Re: HTTP Futures

Fisher Mark (
Thu, 1 Dec 1994 14:44:35 +0100

Christian Mogensen writes in <9412011244.AA01060@Xenon.Stanford.EDU>:
> writes:
>>Well said. As long as the Web community does not allow governmental
>>(or groups in league with governmental bodies) to mandate the use of
>>browsers that force their SOAP advice on users, the information on the Web

>>will remain unfettered. Don't laugh too hard about the possibility of
>>government mandates -- the U.S. political correctness movement would
>>undoubtably love a government mandate forcing people to use browsers that
>>permit only politically correct material to be viewed.
>Remember, it's a WORLD wide web. Norway has different standards of
>prurience than the U.S, and so on...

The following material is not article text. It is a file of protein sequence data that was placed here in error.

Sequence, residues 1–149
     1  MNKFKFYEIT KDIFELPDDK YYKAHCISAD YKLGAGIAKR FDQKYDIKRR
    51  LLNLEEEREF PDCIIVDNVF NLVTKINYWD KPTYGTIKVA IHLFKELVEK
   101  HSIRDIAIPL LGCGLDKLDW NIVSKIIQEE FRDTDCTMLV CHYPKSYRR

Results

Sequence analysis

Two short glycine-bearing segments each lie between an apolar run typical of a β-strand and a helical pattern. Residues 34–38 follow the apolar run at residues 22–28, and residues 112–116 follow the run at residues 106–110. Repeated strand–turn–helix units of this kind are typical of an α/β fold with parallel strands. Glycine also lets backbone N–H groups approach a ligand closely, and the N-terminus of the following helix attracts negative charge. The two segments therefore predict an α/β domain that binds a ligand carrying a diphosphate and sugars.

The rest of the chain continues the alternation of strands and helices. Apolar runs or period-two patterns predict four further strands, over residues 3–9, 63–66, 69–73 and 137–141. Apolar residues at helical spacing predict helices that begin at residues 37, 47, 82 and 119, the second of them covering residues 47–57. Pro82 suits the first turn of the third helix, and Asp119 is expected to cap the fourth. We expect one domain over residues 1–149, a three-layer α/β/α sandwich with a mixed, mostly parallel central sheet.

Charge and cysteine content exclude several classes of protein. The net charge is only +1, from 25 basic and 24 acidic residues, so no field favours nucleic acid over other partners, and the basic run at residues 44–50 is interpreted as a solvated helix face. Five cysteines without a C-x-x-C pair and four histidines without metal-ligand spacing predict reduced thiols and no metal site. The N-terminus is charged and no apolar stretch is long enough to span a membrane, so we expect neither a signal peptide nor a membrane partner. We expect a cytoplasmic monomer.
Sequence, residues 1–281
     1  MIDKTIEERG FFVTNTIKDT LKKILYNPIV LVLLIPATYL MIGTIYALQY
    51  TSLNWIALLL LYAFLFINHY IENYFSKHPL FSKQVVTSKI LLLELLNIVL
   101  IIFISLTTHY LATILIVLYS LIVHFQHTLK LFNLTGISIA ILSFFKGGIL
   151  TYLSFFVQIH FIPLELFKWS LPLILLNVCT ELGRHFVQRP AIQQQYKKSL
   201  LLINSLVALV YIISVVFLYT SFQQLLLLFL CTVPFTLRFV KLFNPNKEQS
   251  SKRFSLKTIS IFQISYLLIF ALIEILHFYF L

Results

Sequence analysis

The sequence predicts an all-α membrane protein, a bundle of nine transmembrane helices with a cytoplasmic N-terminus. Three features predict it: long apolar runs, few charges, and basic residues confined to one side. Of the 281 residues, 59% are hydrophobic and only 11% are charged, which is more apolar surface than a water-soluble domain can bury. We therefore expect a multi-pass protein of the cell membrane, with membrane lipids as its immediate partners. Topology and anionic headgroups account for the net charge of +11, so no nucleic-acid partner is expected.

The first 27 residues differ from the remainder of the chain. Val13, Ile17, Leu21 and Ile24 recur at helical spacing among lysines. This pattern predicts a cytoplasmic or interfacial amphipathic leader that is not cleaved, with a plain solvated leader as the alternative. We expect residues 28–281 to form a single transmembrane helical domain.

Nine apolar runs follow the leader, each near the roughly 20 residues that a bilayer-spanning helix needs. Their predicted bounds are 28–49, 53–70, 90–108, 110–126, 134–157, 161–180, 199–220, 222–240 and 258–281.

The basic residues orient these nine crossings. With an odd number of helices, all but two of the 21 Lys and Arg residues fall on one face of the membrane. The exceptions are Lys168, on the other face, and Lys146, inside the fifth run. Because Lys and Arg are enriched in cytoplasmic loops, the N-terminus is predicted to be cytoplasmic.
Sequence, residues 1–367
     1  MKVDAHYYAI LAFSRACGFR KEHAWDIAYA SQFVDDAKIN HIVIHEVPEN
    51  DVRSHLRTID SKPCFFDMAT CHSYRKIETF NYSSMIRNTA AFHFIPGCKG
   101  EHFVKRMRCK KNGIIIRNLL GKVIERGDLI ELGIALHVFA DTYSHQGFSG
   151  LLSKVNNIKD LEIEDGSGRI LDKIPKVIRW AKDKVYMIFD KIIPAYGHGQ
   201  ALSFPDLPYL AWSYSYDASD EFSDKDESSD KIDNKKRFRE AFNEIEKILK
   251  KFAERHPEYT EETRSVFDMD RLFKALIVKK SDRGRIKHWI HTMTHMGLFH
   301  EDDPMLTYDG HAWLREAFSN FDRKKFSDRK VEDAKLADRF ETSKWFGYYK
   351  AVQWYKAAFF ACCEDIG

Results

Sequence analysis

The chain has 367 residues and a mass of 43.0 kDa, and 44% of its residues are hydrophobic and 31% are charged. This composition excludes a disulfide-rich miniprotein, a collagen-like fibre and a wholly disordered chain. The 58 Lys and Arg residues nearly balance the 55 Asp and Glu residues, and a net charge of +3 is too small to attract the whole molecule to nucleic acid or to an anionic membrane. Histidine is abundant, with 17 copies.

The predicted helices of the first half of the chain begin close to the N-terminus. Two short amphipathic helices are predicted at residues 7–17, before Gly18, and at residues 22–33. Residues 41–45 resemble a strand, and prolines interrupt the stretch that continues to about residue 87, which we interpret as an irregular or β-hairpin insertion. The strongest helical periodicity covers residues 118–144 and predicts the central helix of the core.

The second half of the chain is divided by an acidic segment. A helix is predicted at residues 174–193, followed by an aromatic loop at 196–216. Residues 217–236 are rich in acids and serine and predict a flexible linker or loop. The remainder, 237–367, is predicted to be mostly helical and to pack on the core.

It is an interesting (and frightening) exercise to think how the Web would
have evolved if the governments of Singapore, Ireland, or North Korea had
initiated the Web. Or the U.S. government, for that matter...

There are subcultures in every government in the world (IMHO) that would
like some kind of mandated forbidden Web access to certain non-classified
materials. The content of the materials would be different for different
regimes -- but the underlying mindset is the same.

Mark "and me without a gripping hand" Fisher
Mark Fisher Thomson Consumer Electronics Indianapolis, IN

"Just as you should not underestimate the bandwidth of a station wagon
traveling 65 mph filled with 8mm tapes, you should not overestimate
the bandwidth of FTP by mail."